Officials in my Department initiated contact with the Commission promptly on this matter and discussions are ongoing but they have been hampered to some extent by Covid-related lockdowns and other priorities with which we have had to deal. Therefore, the measures for micro and small companies have not yet been commenced. There is a need to look at the efficacy of the research and development tax credit in relation to small and micro companies and I indicated my intention to do this in last year's Finance Bill debate. For the reasons I have outlined, that is, the data being available alternatively or the fact that we still need to commence the measures relating to micro and small companies, it would be more appropriate to deal with the issues to which Deputy Doherty refers by looking at already available data or when these measures are implemented for very small companies and the data is available for them at that point.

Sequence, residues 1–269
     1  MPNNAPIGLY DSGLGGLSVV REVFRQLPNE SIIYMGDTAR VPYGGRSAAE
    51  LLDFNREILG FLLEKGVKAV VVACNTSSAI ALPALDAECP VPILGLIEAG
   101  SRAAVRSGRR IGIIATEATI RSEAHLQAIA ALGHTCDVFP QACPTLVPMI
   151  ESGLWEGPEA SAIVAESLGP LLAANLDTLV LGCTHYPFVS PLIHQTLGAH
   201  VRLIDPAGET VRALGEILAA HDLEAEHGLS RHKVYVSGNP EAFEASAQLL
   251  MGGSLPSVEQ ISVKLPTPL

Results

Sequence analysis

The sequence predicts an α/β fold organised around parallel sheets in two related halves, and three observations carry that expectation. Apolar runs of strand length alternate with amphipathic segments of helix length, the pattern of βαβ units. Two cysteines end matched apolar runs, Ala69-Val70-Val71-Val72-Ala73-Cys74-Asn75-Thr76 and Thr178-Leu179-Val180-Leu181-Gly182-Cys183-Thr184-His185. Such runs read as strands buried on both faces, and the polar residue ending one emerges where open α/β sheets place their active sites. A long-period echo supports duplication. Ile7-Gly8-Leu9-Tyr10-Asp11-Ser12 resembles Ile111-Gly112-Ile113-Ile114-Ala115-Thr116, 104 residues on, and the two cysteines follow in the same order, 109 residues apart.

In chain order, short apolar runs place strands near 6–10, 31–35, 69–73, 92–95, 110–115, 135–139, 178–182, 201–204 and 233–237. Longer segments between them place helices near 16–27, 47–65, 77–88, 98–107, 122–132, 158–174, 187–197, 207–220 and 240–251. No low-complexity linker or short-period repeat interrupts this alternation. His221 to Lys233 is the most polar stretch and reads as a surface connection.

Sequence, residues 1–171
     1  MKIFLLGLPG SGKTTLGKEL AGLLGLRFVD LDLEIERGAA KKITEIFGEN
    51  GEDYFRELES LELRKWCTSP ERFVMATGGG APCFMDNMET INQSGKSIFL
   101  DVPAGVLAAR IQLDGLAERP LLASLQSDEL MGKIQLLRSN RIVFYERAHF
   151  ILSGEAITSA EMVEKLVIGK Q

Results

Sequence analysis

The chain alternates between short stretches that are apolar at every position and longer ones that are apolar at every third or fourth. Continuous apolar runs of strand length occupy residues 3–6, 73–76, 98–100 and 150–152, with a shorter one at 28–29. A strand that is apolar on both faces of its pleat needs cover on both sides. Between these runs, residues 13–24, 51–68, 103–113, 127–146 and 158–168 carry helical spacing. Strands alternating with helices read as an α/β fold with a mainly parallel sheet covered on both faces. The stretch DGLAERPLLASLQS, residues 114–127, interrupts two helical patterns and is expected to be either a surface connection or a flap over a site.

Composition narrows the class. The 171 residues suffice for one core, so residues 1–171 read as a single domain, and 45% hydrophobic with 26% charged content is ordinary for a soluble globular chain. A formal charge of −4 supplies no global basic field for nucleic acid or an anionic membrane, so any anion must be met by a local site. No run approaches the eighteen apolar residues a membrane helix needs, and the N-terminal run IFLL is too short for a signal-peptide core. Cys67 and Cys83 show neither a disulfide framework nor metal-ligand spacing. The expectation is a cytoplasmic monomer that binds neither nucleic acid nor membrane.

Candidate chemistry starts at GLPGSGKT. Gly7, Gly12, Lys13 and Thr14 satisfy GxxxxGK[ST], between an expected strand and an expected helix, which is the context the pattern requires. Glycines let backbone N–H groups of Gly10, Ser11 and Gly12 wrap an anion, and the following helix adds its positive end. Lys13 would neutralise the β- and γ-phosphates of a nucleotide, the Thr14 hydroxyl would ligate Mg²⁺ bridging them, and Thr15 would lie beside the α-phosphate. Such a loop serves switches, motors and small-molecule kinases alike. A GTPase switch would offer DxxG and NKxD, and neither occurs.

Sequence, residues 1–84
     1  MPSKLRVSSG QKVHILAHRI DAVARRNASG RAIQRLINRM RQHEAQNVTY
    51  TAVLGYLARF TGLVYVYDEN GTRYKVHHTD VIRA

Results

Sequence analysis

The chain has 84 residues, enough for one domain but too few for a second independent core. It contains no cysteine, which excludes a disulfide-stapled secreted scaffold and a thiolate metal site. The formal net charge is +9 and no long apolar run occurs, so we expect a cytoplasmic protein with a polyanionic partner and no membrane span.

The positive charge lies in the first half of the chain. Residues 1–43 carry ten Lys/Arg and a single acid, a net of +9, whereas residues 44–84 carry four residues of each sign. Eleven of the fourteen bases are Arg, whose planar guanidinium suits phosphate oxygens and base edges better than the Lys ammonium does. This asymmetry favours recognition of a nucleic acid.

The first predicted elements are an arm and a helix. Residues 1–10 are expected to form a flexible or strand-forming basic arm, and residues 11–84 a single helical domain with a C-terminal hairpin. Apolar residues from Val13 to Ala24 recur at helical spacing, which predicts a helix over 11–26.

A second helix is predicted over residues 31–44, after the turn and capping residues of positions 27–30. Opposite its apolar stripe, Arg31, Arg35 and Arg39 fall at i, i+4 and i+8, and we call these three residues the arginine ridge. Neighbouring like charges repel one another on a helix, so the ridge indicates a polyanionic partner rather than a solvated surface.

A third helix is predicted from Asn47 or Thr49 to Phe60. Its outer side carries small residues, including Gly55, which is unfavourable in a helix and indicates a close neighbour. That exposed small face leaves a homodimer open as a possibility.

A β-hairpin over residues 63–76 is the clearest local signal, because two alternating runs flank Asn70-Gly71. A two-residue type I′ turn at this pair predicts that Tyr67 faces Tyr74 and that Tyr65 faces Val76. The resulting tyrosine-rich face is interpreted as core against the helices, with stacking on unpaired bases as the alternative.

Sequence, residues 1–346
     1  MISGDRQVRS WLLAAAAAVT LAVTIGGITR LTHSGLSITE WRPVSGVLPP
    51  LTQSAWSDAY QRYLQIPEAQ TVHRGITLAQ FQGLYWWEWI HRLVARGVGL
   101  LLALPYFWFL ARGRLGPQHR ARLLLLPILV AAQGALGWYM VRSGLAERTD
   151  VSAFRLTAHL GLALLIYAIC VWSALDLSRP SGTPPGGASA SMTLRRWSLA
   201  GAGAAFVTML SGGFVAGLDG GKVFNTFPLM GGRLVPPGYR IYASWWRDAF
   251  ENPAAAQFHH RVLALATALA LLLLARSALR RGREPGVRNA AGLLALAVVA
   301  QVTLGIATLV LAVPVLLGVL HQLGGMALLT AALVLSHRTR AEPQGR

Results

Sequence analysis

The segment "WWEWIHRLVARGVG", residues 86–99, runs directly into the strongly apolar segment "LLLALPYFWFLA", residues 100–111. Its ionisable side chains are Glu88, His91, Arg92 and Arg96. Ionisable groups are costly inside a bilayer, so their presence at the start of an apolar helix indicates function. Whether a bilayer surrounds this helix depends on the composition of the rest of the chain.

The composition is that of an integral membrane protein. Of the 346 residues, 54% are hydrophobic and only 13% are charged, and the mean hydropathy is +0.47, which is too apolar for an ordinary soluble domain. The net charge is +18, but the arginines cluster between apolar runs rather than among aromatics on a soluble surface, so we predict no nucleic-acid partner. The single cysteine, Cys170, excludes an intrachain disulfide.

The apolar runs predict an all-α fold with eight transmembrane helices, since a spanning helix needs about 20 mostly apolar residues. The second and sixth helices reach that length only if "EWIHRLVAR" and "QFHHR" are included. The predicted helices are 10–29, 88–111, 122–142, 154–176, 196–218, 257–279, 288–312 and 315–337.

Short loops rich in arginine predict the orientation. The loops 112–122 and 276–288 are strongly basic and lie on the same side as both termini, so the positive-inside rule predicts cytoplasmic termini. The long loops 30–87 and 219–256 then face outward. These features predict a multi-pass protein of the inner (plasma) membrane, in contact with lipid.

I appreciate the fact that data on the distributional impact of the research and development tax credit is published annually but what we do not have is data on options to reform it to support indigenous enterprise in research and development. I note the Minister's comments that he will look at this further and that there are issues around commencement but that is what the report is about. Unless I am picking up something incorrectly, I understand that the Minister is going to do what we are seeking to do with this amendment. Obviously the mechanism here is to ask for a report to be prepared but basically we need this to be looked at in more detail. On that basis, I will withdraw the amendment.